Labour's finance policy release
Last Friday I went along to the launch of Labour's Finance policy. Just over a week out from an election feels like a little late to be launching major policy, but Labour were hit hard early on by Key's Fairfax press debate claims to "show me the money" and seem to have spent the last couple of weeks squirrelled away figuring out how to launch a more comprehensive policy. Goff, Cunliffe, Dalziel and Parker were there to show a united Labour front and represent people who also had experience in the private sector.
As opposed to National's policy, which focusses on increasing free trade agreements and proposes 28 bilateral meetings in the next term with governments outside of Doha, Labour are talking about writing an export-led focus into the Reserve Bank's mandate, which currently is focussed on constraining inflation by slightly widening the Reserve Bank Act. They would also appoint people who are export leaders onto the Board of the Reserve Bank so that it more accurately reflects the interests of the New Zealand economy. They say that this has the potential to help curb the rapid fluctuation of the NZ dollar having an effect on export driven markets.
While this addition has been welcomed by the Manufacturers and Exporters Association, there is an awful lot of hysteria floating around on forums that this will be as wide ranging as Singapore. In fact it is not, all it is doing is extending the mandate of the Reserve Bank to look out for exporters as well, which is something that countries like the US do. To read many of the financial forums there are a lot of people currently comparing New Zealand's situation to Greece and Italy in terms of public borrowing, and this is a really big hyperbole and mistake in terms of economic literacy.
Where we are failing at the moment is in our property bubble, and in our private debt, which like the US is a result of the middle classes overextending themselves. These are factors highlighted by the IMF in its report on New Zealand. In global terms, the economy is shaky because countries have over borrowed and are lacking the mechanisms to protect themselves in the advent of a European crisis, or another shake up in the economy, such as China not being the growth factor that everyone had hoped. The problem is that too many countries in the west have outsourced their production to countries where goods can be made more cheaply, and that this then wipes out the production as prices for production are engaged in a race to the bottom as to who can provide things more cheaply. The writing has been on the wall for a transition to China and India to become economic leaders for quite some time now, and the people who think that the west can continue to dominate economically are dreaming. This transition has now been going on since the 1970s, so it is a mirage to think that we can halt this overnight, particularly when like many other nations many of our goods are produced offshore, the manufacturing sector has shrunk and we have had a growth in bureaucratic, frontline jobs.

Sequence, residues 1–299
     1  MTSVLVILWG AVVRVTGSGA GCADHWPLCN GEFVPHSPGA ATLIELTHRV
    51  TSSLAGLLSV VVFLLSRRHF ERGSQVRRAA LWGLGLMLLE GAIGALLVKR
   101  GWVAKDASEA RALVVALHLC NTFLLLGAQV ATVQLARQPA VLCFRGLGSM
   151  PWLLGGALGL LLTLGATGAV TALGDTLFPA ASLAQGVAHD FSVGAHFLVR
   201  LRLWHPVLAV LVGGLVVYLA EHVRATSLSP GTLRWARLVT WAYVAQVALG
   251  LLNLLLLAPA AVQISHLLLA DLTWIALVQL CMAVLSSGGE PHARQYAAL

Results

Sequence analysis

I am inclined to think that there is little that countries like New Zealand can do to mitigate this other than increase Research and Development funding and focus on job creation. Labour want to do this by increasing R&D tax credits to 12.5% through the Emissions Trading Scheme that affects 2-3% of New Zealanders who farm and produce most of the carbon that we are required to reduce under the Kyoto Agreement. Actually adhering to our environmental commitments is something that will benefit us in overseas markets, and is not really as dire as the way that its opponents paint it. In fact, around 40% of sheep and beef farmers' gross income was from government subsidies in 1984, and they survived the reduction of this subsidy to around 2% by innovation, effectively increasing their profits by 40%.
This election it has been difficult to cut through the hysteria over the economic crisis, but I think the role that governments can play in mitigating the financial crisis is being overplayed. Renaming a whole pile of Government Departments as New Zealand Inc (as in the case of National's plans) seems to me as equally misguided in terms of overstating its impact on the economy as the whole debate over asset sales, which don't really seem to make financial sense. We are probably in for higher unemployment in an ongoing manner as are many countries, which is why many economists have begun using the phrase "the new normal". In light of how dependent we are on other nations in terms of our economy, making sure that we have mechanisms to soften the ride seems like a good idea.